3. It destroys the message in the trilogy - The first three books pound it over our heads that it's important to have free will and hope. The lack of that is what destroys the clones faster than Victor can spit them out. The fact that he gave his wife hope was what separated her from the rest and kept her sane after his death. It doesn't seem to mention this again much in the fourth books. The builders start breaking down because...I don't know why honestly, it doesn't seem like something that was explained either. It couldn't really be lack of hope because you'd think that it'd affect the Communitarians too, but they seem to be fine. So, what was going wrong? Or did he just build the builders up to be too powerful and this was the only way he could think of to keep the heroes alive?

4. Heroes turn useless - I liked Michael and Carson in the original trilogy as the focus. They were clichés but they were likable. In the third book I kind of noticed that they didn't do much of anything. And it was a bit disappointing because Deucalion seemed to think that Carson was going to be the one that helped him kill Frankenstein. And I really liked that idea. She'd get revenge on the murder of her parents and he'd get closure since he couldn't kill Victor himself. Instead, in the third book, the clones kill him by burying him alive and as ironic as it is, it was a tad disappointing. Especially since all Carson pretty much does is tell him to "go to tell." Really? That's all this hard hitting, guns blazing, caffeinated badass has to say to the man that ruined her life? In the last two it's even worse. Thanks to the barrage of too many characters, all Carson and Michael do is kill a clone and then hang out with the church catching them up on the plot. They had nothing to do and I have to wonder why Koontz even bothered bringing them back. They had their ending, and the characters didn't want to do anything dangerous in fear of orphaning their baby.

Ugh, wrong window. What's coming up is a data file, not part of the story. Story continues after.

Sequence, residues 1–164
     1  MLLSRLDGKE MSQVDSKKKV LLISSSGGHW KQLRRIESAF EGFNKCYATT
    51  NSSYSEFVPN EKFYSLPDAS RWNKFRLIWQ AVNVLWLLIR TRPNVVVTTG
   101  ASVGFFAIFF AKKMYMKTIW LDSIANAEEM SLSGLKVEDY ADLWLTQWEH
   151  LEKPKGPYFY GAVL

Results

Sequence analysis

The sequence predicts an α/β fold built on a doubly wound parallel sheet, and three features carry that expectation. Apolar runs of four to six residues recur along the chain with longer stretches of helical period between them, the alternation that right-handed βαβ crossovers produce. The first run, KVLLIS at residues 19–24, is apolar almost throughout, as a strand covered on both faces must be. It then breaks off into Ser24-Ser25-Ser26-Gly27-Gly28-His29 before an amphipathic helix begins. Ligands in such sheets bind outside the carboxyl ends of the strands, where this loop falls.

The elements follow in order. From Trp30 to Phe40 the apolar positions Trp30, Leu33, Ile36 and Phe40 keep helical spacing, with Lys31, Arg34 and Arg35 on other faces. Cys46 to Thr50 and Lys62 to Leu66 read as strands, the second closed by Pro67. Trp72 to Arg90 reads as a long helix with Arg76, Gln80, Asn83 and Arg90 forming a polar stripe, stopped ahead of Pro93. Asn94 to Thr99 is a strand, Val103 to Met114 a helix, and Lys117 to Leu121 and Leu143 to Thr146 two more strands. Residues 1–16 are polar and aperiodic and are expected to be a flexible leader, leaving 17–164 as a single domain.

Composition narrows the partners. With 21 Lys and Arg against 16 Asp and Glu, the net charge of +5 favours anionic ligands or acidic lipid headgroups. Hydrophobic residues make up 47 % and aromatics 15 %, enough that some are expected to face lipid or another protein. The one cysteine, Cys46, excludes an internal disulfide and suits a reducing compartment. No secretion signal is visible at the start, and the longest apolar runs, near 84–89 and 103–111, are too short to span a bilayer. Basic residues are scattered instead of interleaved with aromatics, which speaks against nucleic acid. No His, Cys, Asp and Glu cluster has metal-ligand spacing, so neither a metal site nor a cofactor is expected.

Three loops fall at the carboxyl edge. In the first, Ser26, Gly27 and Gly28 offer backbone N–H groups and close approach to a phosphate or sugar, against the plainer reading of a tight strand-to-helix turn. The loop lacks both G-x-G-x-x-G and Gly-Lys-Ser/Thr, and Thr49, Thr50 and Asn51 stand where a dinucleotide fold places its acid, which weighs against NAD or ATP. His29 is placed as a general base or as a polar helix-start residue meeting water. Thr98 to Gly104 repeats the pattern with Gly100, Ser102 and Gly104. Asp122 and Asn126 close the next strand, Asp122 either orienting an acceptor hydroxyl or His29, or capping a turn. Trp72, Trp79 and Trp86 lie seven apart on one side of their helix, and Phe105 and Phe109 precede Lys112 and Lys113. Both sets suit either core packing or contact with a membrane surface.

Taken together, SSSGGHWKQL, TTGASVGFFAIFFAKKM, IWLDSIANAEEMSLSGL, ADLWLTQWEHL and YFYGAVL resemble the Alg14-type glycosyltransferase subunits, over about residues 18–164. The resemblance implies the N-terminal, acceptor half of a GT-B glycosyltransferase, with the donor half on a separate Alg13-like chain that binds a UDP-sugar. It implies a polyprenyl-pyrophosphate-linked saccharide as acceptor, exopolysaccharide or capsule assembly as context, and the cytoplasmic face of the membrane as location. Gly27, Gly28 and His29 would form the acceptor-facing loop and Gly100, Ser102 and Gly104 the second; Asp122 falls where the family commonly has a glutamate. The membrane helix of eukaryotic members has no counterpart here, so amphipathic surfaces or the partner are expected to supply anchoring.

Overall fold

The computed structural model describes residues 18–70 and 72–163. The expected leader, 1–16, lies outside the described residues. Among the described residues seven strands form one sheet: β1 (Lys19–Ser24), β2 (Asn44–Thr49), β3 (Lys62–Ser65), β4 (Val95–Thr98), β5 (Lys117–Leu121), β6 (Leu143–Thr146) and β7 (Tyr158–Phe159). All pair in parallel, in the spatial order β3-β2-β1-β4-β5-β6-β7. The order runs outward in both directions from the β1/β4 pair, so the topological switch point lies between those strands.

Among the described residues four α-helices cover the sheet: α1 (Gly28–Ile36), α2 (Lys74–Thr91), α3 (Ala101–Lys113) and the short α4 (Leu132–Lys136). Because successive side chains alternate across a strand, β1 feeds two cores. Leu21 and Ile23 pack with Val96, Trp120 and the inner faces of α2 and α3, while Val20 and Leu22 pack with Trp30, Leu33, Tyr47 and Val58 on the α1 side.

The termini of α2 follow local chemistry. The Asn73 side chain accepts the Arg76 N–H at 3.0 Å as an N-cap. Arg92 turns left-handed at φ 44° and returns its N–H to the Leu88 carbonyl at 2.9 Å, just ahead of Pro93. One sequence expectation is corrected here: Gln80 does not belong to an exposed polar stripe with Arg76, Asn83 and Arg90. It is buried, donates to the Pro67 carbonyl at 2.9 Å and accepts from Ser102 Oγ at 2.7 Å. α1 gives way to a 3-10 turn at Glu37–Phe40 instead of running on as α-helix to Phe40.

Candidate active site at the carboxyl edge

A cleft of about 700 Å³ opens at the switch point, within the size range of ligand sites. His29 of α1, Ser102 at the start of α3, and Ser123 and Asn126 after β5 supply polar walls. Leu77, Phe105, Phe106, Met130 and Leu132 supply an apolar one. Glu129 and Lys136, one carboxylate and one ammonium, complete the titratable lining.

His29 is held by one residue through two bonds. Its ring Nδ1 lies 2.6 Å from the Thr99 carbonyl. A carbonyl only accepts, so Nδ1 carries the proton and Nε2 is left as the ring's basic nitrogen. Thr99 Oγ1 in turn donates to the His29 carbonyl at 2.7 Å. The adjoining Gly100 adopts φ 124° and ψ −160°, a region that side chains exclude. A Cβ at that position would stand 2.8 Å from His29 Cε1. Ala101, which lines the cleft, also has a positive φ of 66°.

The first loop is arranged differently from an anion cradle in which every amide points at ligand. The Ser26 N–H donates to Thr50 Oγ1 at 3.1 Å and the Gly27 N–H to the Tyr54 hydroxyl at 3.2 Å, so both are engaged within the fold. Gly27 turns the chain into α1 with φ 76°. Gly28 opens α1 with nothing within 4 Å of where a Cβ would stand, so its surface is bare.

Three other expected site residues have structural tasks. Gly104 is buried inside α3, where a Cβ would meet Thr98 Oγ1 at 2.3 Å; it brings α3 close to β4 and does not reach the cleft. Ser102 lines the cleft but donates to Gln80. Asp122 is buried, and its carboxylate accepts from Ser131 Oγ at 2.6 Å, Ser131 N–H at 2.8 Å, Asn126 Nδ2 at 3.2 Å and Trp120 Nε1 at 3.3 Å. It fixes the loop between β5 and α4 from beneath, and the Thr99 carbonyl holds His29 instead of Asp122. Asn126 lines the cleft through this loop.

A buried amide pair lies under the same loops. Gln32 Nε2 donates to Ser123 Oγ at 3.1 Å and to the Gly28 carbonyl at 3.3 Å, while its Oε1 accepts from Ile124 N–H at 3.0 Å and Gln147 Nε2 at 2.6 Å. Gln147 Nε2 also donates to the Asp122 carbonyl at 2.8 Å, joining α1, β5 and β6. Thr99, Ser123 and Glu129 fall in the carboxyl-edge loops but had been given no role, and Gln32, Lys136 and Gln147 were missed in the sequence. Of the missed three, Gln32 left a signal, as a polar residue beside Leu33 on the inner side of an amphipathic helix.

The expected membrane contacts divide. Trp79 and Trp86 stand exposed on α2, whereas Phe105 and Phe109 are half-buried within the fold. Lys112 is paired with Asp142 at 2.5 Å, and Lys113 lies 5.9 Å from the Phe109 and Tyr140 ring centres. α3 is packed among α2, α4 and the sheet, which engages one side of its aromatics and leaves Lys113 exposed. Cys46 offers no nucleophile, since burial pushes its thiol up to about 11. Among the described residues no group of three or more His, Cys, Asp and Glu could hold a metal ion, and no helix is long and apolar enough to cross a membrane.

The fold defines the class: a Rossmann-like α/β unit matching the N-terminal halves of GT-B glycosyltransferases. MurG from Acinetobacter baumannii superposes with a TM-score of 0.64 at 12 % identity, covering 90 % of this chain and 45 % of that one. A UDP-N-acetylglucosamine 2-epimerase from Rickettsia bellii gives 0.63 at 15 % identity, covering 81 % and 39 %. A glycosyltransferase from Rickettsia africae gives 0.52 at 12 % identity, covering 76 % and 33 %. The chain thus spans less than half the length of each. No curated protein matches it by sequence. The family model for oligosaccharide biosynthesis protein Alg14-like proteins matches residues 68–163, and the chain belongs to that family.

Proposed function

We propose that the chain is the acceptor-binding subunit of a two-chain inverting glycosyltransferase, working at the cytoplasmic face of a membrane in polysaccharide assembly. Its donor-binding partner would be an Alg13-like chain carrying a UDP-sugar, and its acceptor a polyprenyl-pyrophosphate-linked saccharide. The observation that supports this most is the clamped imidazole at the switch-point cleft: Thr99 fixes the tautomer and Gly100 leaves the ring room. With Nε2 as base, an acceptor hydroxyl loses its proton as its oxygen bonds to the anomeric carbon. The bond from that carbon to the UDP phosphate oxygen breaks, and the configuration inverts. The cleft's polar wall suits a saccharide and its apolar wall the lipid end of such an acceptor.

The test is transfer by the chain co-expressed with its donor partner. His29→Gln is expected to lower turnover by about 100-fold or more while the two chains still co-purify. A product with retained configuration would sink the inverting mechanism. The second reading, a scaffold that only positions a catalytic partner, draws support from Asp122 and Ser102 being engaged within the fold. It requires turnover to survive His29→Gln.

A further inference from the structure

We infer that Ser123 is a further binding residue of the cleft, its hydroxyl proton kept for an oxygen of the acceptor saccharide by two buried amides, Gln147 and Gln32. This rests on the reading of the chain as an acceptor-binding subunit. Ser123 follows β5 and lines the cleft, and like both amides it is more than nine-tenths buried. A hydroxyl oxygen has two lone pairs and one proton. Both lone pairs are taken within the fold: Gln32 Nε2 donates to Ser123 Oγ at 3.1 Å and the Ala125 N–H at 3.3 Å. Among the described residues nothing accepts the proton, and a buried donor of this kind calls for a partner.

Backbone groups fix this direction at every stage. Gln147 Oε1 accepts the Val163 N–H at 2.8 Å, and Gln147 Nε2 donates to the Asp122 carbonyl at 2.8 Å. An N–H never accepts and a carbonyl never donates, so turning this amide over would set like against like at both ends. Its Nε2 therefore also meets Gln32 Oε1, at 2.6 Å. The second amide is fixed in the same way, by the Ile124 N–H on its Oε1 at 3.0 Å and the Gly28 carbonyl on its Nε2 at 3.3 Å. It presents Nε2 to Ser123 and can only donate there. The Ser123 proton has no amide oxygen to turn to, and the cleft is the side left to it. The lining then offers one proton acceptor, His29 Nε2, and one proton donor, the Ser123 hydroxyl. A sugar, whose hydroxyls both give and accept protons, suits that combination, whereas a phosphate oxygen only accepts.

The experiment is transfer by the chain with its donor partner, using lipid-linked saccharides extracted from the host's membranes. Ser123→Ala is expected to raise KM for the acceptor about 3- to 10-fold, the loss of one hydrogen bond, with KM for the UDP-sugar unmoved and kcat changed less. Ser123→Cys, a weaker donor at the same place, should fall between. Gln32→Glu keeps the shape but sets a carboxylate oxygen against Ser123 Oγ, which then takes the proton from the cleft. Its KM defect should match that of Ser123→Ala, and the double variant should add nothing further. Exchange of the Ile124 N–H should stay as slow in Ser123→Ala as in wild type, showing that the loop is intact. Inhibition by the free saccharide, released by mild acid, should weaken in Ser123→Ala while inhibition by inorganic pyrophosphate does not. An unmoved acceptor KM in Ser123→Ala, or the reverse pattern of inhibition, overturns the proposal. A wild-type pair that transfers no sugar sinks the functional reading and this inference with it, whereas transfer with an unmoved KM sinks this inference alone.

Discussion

5. Too much padding- Do we really need to hear how the builders kill every other page? Because it sounded stupid the first time he described it. Did we really need that many characters? It really bogged the story down. If anything, he should've let some of the characters that we got to know die. Most of the characters that did perish were people that we didn't even know. There were too many happy endings for a story as supposedly dark as this one. I would've kept Bryce and Travis for the hospital exposition, but I would've killed the boy's mother off. And I would've kept the radio team in the story because they were important and I would've kept Rusty the war veteran in and his kind-of girlfriend because I liked their story, but I would've introduced them a lot earlier. And that would've been it.

But would I have done differently? Well, I would've just kept it a trilogy first of all. As weak as the ending was, it was still loads better than this one, but if I felt I HAD to write another book, I would've made it a prequel. Victor and Deucalion had WAY too few scenes together and it would've been great to actually read about their history instead of just having it told to me. It would've been nice to see Deucalion make mistakes and have faults instead of being this godlike being who can teleport and heal autism (Oh, the way, way to walk into the light before you take the kids home from the monastery hero. I'm sure their parents appreciated THAT one). But all in all the payoff wasn't worth stretching it into two books.
49 von 61 Kunden fanden die folgende Rezension hilfreich
5.0 von 5 Sternen This book reminds me of why I love Dean Koontz 27. Mai 2011
Von charlotte vibble - Veröffentlicht auf
Format: Taschenbuch